Napoleon embarks on his Russian campaign
Napoleon left St Cloud with Marie Louise and the baby King of Rome to make his way to the front. The Emperor didn’t want war with Russia any more than he wanted the war with Austria and Prussia in 1805 and 1806. He was not about to avoid it through concessions, however, even if his ambassador to Russia, Armand-Augustin-Louis de Caulaincourt, spent long hours trying to dissuade him. Caulaincourt told Napoleon about the harshness of Russian winter and of Tsar Alexander’s words: ‘The Frenchman is brave but long privations and bad climate will wear him down and discourage him. Our climate, our winter will fight on our side.’ Napoleon replied to Caulaincourt, ‘One good battle will see the end of your friend Alexander’s fine resolutions and of his sand castles as well.’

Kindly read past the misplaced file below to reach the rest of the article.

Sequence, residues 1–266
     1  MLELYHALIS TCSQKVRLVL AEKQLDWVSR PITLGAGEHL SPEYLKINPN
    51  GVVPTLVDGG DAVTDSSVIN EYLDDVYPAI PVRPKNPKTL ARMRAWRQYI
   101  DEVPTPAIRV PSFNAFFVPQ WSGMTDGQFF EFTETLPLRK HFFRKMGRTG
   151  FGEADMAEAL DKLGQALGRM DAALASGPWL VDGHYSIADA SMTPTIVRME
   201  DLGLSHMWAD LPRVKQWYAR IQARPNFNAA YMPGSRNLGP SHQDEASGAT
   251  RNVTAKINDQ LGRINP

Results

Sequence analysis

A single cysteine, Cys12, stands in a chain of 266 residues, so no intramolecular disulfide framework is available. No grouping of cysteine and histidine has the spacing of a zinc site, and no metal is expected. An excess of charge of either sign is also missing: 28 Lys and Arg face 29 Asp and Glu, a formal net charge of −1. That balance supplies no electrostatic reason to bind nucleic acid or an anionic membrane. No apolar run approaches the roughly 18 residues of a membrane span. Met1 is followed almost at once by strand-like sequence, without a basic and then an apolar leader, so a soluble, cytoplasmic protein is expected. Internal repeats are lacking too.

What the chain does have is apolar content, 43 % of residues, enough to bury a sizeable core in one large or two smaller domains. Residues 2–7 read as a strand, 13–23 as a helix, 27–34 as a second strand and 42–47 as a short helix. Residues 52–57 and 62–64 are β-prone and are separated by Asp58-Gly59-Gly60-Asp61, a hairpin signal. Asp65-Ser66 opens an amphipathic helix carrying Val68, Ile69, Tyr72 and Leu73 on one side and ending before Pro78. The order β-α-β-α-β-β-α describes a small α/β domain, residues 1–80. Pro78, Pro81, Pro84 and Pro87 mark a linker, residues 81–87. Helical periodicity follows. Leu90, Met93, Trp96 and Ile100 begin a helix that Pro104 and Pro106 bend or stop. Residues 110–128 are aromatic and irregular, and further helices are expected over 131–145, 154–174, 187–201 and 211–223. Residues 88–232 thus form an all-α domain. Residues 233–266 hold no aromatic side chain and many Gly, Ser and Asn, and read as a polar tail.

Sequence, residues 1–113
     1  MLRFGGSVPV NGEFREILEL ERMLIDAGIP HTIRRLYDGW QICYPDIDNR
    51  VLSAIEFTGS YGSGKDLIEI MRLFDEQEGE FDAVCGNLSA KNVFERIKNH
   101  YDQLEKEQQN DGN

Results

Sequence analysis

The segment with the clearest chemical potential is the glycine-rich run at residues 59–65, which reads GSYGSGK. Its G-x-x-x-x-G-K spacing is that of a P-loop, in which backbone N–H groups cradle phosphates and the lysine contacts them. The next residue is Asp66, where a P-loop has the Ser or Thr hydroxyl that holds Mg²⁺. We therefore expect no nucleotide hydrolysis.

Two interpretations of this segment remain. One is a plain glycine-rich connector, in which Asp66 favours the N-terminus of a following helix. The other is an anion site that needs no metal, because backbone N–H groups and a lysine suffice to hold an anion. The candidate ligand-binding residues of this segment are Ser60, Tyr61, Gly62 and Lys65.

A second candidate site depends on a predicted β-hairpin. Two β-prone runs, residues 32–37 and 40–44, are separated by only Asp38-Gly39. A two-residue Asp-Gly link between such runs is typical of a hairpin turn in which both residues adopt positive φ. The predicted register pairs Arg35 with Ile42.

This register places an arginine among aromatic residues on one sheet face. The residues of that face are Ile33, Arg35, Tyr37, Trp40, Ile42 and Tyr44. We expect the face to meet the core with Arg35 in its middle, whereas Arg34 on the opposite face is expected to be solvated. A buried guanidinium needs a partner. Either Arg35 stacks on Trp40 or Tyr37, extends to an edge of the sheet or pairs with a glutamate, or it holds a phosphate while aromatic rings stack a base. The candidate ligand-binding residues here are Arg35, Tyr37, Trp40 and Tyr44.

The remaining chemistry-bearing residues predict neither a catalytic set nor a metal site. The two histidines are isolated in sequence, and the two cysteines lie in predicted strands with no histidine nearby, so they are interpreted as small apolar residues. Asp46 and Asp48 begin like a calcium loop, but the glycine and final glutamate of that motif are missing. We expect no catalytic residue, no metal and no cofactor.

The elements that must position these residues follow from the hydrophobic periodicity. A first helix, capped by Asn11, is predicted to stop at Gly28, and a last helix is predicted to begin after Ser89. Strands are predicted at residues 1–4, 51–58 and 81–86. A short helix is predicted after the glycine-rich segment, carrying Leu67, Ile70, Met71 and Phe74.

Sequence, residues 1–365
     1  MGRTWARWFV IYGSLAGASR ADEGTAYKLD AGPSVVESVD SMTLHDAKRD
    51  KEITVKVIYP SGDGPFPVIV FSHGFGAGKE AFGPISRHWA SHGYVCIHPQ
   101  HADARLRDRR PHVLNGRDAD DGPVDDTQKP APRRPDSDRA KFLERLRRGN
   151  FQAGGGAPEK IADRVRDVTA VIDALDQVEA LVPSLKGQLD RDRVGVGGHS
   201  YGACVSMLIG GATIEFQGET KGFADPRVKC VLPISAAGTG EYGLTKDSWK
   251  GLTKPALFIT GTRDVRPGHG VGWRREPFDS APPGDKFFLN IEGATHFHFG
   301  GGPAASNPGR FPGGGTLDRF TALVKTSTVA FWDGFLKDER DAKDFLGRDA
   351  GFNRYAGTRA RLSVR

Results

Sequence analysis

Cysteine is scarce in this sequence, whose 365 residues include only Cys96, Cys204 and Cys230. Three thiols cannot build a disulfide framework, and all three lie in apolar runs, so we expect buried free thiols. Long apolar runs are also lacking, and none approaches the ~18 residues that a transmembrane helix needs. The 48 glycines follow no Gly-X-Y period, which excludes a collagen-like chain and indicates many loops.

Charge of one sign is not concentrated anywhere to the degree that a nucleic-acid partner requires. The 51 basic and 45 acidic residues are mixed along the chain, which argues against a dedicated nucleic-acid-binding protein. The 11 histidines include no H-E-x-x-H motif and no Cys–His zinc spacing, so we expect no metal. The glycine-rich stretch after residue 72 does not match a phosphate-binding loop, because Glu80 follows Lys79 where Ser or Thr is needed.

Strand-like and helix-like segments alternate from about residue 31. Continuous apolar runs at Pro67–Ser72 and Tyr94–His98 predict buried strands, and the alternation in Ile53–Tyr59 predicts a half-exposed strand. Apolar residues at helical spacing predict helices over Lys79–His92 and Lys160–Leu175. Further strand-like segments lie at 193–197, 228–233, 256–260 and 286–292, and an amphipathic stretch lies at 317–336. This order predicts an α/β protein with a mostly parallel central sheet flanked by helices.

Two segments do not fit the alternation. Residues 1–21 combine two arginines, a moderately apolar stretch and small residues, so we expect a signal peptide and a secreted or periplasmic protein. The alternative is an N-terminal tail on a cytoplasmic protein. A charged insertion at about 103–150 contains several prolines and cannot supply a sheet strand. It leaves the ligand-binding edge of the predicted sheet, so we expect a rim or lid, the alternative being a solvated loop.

As always, Napoleon moved fast. The Imperial family passed the Rhine on the 14th, the Elbe on the 29th and the Vistula on June 6th, travelling 530 miles in 7 days. When Napoleon left Marie Louise in Dresden, he wrote to her: ‘I will be back within two months. Thus our absence from each other would be but a short one.’ It would be seven months before they saw each other again.
Napoleon reached the banks of the Niemen by June 23 and crossed the river into Russia on June 24. As they were crossing, Napoleon’s horse shied at a hare and threw him onto the sandy river bank, leaving him with a bruised hip. ‘This is a bad omen. A Roman would recoil,’ someone exclaimed, possibly Napoleon himself. Whoever said it was right – Russia was a disaster from which Napoleon had never recovered.